A criticism of PG&E following the San Bruno failure was their inability to promptly close mainline valves to isolate the gas flow feeding the fire. One of the factors contributing to the delay was the fact that the valves were manually operated. That wasn’t the whole story because the manual valves could have been closed quite quickly if the emergency response had been better organised. Nevertheless, in response California recently passed legislation “requiring utilities to install automatic shut-off valves on gas lines”. Exactly which valves, and what type of “automatic shut-off” is not clear.
Mainline valves on Australian pipelines are almost always provided with remote-controlled actuators so that the valves can be closed in emergency to limit the release of gas from a leak or rupture or to allow more rapid depressurising of a damaged section of pipe. However they are not always (not often?) automatic line-break valves but must be closed by a control room operator, who in an emergency would need to respond to observations of the pipeline pressures and flows. Actuating MLVs seems to have been standard practice in Australia for at least 25 years, probably a lot longer. There are exceptions, mostly on older pipelines.
One exception for which I was responsible (about 20 years ago) was 300 km of DN 150 pipeline to a mine in a very remote part of the outback. None of it passed within a kilometre or so of any building (except within the last few hundred metres near the mine) and there were not more than a handful of road crossings. During the design we found it hard to imagine anything that could cause a serious failure, and even if it did fail the consequences would be only commercial. There would certainly be no safety impacts that could be mitigated by prompt closure of a mainline valve. On that basis we decided to provide only basic manual valves and no telemetry.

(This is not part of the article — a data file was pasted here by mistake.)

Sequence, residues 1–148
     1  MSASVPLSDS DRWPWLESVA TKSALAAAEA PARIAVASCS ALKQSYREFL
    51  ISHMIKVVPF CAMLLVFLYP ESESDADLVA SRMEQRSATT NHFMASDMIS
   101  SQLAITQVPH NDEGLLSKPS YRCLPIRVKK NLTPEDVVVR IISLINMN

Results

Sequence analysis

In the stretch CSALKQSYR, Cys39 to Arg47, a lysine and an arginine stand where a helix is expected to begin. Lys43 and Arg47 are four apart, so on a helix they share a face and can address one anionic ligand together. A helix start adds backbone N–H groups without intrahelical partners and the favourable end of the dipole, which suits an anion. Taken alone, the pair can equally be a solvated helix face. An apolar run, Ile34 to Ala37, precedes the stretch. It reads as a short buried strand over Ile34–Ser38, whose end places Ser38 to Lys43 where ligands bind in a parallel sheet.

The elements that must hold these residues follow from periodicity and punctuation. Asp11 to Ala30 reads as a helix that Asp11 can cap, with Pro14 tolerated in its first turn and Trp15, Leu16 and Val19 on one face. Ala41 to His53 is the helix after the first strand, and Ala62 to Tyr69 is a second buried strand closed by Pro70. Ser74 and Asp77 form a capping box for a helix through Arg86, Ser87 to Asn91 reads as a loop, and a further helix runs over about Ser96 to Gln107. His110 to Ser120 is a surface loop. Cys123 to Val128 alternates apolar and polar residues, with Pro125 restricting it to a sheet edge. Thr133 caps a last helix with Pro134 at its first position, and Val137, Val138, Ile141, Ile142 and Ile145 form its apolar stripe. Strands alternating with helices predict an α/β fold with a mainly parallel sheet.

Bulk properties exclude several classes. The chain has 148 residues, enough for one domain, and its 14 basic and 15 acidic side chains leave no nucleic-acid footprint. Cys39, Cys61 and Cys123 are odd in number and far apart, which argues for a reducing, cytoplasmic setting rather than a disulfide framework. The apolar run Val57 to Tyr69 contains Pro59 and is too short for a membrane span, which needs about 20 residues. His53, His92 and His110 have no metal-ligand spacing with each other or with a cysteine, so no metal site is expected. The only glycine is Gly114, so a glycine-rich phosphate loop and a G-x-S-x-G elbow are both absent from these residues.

Actuating a valve would have added perhaps $250 000 to the cost of each site by the time we included all the SCADA, telemetry and power supply infrastructure necessary to make it work. Against that, the value of gas that might be saved by prompt closure of valves was less than $100 000, and of course a loss of containment was highly unlikely anyway. That logic made the decision to omit actuation pretty easy.
Recently I was asked to help a client review the justification for retro-fitting actuators to mainline valves on an old pipeline in a more populated area. It turned out to be a really interesting exercise with a surprising outcome – justification on safety grounds was difficult. That was particularly surprising in the light of the Californian legislation.
The difficulty is that even in the event of a full bore rupture MLVs will not be closed instantly. It will take at least a few minutes for control room operators to positively confirm that there has been a loss of containment. Operators are reluctant to shut valves without compelling reason because of the serious disruption to supply and the flow-on effects of that (eg. purging and relighting pilots on possibly hundreds of thousands of domestic appliances …). In the recent study the consensus was that it might take 15 min before the control room operators sent the signal to close the valves.
However if there has indeed been a full bore rupture, and the release has ignited, we thought that the great majority of the harm would already have been done by the time the valves start to close. People who are close to a pipeline fire and cannot flee will suffer hospitalising or fatal burns within a minute or so of exposure. 15 min also seems quite long enough to ignite any buildings that are vulnerable to fire.
The usefulness of valves is even less compelling when the failure is a leak (even a large one) rather than a rupture. The pipeline section between valves will contain linepack that will continue to flow out through the leak (and possibly burn) for a long time after the valves have closed, perhaps for several hours depending on how long it takes to mobilise crews to start depressurising the pipeline via blowdown vents. Reducing that duration by an hour or so through the addition of actuated valves is not an impressive benefit.
Mainline valves may be more effective emergency protection if they were equipped with sensitive automatic line-break controls that would close them more quickly. But such controls are not 100% reliable, and no operator wants to be exposed to the risk of spurious trips that may cause both serious community disruption and large commercial losses. Given the low frequency of major pipeline failures in Australia, adoption of sensitive automatic line-break valves would probably result in a few spurious trips each year, with associated chaos, in order to protect against failure events that might only occur every hundred or thousand years (these frequencies are just informed guesses for illustration, not serious estimates). Even then automation would only provide some protection against rupture events, not leaks large or small.
This limited effectiveness of actuated valves is a rather unsettling conclusion. Discussion would be welcome.